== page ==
I have to tell this story and some might say “we can’t do that with our team!”  When we hosted this Olympics, each team decided on a designated drinker. This person had to crush a beer every time their team came in last in an event. And the last event was a two handed wheelbarrow race where the designated drinker had to be the wheelbarrow.

Another good shared experience is taking one of those easy personality tests together. Have one person do some online research and give it themselves. There are plenty of easy ones.

A brief online search can also give you a team activity based on being stranded on the moon. You give everyone a list of 20 items and they rank them from most useful to least.  Then you group folks into teams and they collectively rank the items. This one is designed to show consensus decisions are better. Which for what it is worth I consider more often true than not. However often it enables the less-informed to unduly influence decisions.

Ultimately, the goal of these shared experiences, which are unique to the team, build relationships and continuity. People don’t want to let down teammates.  So you have to be a team. People want to be good colleagues.

If you have someone who does not care about being a good teammate, they either have to get better or go away. Yet this article is not about the progressive disciplinary process.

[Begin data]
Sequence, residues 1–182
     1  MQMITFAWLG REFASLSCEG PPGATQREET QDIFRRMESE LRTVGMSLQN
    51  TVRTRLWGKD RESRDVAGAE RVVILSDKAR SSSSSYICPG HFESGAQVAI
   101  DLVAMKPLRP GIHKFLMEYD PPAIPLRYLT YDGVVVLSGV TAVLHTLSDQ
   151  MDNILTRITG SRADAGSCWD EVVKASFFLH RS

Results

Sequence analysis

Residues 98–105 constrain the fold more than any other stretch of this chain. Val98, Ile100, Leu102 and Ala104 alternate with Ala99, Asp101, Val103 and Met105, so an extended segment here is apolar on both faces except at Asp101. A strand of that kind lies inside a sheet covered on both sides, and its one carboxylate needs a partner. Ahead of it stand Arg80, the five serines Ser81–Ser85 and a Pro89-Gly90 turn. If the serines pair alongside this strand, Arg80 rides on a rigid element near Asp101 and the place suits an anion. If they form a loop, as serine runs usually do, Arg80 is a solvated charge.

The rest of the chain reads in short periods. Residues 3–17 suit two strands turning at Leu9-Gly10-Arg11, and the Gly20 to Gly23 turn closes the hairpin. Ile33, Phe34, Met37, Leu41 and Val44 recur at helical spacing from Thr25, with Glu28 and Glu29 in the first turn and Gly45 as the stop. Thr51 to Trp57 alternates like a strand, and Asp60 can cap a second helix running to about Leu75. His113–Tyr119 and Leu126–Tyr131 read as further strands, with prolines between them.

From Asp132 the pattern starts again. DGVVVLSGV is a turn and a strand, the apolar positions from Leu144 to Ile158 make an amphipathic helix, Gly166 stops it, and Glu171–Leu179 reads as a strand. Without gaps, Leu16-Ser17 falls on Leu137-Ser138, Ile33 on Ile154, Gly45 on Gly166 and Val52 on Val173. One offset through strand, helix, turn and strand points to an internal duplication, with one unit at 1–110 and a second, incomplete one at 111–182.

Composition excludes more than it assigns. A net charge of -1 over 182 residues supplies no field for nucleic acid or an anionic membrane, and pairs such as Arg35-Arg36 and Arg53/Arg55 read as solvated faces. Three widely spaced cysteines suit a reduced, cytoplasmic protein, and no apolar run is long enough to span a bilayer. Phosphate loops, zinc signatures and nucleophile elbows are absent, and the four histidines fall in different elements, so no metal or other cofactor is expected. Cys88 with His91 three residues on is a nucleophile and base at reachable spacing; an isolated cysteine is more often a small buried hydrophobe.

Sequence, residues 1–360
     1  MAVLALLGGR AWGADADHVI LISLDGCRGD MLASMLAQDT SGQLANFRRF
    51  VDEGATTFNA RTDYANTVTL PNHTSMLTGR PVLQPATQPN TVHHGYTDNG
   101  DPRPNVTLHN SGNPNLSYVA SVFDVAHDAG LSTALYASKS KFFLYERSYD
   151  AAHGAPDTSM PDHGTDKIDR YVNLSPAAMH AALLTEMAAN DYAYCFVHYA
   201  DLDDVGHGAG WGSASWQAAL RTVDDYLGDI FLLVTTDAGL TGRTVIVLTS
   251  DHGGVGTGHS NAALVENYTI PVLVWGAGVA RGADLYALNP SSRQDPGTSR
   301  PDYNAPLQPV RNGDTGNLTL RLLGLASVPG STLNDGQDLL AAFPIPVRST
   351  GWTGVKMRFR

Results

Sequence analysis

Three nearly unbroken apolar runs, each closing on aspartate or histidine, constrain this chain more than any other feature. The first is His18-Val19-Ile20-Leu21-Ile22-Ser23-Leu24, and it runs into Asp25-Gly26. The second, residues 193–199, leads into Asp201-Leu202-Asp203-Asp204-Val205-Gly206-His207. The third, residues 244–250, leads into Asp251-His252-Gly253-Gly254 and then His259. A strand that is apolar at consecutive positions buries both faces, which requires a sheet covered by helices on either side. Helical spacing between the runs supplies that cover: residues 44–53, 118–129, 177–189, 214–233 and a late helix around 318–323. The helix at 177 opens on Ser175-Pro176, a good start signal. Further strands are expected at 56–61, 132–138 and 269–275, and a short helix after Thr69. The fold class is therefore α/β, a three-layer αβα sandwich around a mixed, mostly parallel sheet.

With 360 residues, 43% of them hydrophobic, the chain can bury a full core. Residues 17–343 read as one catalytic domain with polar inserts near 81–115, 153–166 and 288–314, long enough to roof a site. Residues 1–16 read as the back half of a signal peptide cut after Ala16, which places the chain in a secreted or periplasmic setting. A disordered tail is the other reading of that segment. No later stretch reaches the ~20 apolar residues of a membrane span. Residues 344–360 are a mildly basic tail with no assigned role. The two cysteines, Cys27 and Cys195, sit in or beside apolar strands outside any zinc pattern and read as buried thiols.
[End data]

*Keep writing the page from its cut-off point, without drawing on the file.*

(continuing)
One shared experience we had was called BOB. It was our acronym for Budget or Bust. We broke the large team of 16 into 4 groups of 4. They each owned, so to speak, the performance of different metrics. Metrics that everyone somehow impacted. Each team worked to somehow bring focus and effectiveness against their assigned measurable. Again, based on team assignments, we were able to create more collisions and get people more creative and invested.

Be clever as you brainstorm shared experiences for your team. It is about the easiest thing to do once you put your mind to it. There are SO many things you can do.

I’ll close with another plug for an annual retreat.  I host/conduct/sell them in my business but I actually think they work best when the boss hosts it and impresses with his care in setting it up FOR his team. The team gets a big dose of their leader invested in teamwork.